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 Editor in chief: 
Abdus Sattar Ghazali

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July 22, 2011

Dr. Fai’s arrest tit-for-tat move by the US

By Abdus Sattar Ghazali

The US-Pakistan relations took a new twist Tuesday when Washington arrested the Kashmiri leader, Dr Ghulam Nabi Fai, on charges of working for the Pakistani spy agency, Inter Services Intelligence (ISI) which purportedly gave $4 million to Dr. Fai for years to lobby for the Kashmir issue.

However, Pakistan Today newspaper reported that the arrest of Washington-based Kashmiri American Council (KAC) President Dr. Fai, seems to be an act of retaliation by the US in response to Islamabad’s refusal to set free Dr Shakil Afridi, a local physician arrested in the wake of the May 2 Abbottabad operation on charges of spying for the Central Intelligence Agency (CIA).

The paper quoted unidentified sources as saying that during July 13 visit of the ISI chief Lt General Ahmad Shuja Pasha to Washington US officials demanded the release of Dr. Afridi but General Pasha refused and the Americans decided to arrest Dr Fai on charges of working as an operative for the ISI.

This was the second US allegation against the ISI within three weeks. On July 4 Washington accused the ISI of involvement in the kidnapping and killing of senior journalist Saleem Shahzad. The allegations come amid increasingly strained ties between the United States and Pakistan. It is also a clear message to Islamabad and the Pakistan Army to bring flexibility in their stance and accept the US demands, otherwise such actions could be taken in future as well.

In an affidavit filed in court, the FBI said Pakistan has spent at least $4 million since the mid-1990s lobbying the U.S. Congress and the White House through Fai and the Kashmiri American Council, also known as the Kashmir Center, where Fai served as executive director. The KAC was founded in 1990.

Dr Fai was born in 1949 in Indian-administered Kashmir. He was briefly attached to the Jamaat-e-Islami, a right-wing Islamic organisation, in Kashmir. He left India decades ago after graduating from Aligarh Muslim University in northern India, and worked in Saudi Arabia for some years before moving to the US for higher studies in 1977.  He gained a doctorate in Mass Communications from Temple University in Pennsylvania and stayed on in the US. Ten years later he became a US citizen. Dr Fai founded the Kashmiri American Council with a view to making American politicians and congressmen, as he put it to me once, "aware of the Kashmir issue". He has been addressing congressmen, academics and journalists on Kashmir over the last 30 years. Some American academics seem to have a high regard for him and his endeavors.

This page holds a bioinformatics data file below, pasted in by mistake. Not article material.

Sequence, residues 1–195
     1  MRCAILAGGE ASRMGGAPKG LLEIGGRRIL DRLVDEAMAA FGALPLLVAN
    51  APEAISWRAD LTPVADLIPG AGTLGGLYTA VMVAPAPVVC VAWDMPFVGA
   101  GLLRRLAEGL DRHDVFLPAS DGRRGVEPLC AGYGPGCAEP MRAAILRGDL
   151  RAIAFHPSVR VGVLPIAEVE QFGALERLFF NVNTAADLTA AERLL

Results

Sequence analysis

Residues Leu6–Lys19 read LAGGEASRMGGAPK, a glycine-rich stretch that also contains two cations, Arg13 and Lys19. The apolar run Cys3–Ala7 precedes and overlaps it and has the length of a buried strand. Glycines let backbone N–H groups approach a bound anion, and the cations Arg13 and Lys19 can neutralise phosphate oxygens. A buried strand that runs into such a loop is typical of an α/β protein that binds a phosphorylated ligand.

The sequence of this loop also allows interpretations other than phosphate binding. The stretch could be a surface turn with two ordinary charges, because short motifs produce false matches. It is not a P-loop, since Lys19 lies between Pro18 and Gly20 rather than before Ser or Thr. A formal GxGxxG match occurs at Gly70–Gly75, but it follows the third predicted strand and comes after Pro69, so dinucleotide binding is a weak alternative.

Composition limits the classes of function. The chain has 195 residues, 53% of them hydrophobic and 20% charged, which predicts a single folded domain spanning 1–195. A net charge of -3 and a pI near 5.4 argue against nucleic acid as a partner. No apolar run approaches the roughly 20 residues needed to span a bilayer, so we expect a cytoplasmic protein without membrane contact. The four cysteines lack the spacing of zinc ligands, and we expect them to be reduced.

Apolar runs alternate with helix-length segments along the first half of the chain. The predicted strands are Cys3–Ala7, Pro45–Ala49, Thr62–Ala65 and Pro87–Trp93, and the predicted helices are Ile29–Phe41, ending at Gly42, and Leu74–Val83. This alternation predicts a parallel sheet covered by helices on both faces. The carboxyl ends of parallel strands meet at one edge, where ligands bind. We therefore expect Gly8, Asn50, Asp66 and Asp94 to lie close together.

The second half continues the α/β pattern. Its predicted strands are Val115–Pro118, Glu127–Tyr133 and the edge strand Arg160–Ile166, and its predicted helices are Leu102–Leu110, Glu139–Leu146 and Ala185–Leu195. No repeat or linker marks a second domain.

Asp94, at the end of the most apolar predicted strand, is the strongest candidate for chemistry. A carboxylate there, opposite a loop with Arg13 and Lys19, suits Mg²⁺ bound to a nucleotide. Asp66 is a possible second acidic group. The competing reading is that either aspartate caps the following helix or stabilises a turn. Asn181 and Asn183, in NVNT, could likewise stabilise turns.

The FBI affidavit

The FBI affidavit detailed the alleged scheme in which Fai's organization received up to $700,000 annually from Pakistan to make campaign contributions to U.S. politicians, sponsor conferences and other promotions.

"Mr. Fai is accused of a decades-long scheme with one purpose -- to hide Pakistan's involvement behind his efforts to influence the U.S. government's position on Kashmir," said Neil MacBride, U.S. Attorney for Eastern Virginia.

The Justice Department has also charged (in absentia) a second man, Zaheer Ahmad, with recruiting dummy donors for the KAC, through whom the ISI routed the funds. Zaheer Ahmad is an American of Pakistani origin.

One unidentified confidential witness told investigators that Pakistan's powerful military spy agency, the Inter-Services Intelligence Agency, was behind some of the money Fai received, according to the FBI affidavit. A second confidential witness said the spy agency had sponsored and controlled Fai's organization and had been directing him for the past 25 years, the court papers said.

The FBI alleged the Dr. Fai lobbied at the Congress and the Administration on behalf of Pakistan without declaring himself as the a Pakistani agent. The FBI affidavit said Fai had denied that he had lobbied, saying instead he was involved in public relations.

Federal election records showed Fai had given $23,500 to U.S. political candidates since 1997, including $250 to President Barack Obama's presidential campaign as well as $7,500 to Republican Representative Dan Burton of Indiana. Congressman Joe Pitts, a Pennsylvania Republican, also received donations from Dr Fai. However, the Justice Department said that there was no evidence that any elected officials who received the contributions from Fai or his group knew that it came from the Pakistani government.

Setback to Kashmiri independence cause in Congress

Dr. Ghulam Nabi Fai’s arrest was a shock to pro ‘self-determination for Kashmir’ Congressmen who received donations from his group.

Commenting on Dr. Fai’s arrest, Congressman Burton said he was “deeply shocked” by the arrest of Mr Fai, because he had known him for 20 years and “in that time I had no inkling of his involvement with any foreign intelligence operation and had presumed our correspondence was legitimate”. He said he would donate the funds provided to his campaign to the Boy Scouts of America.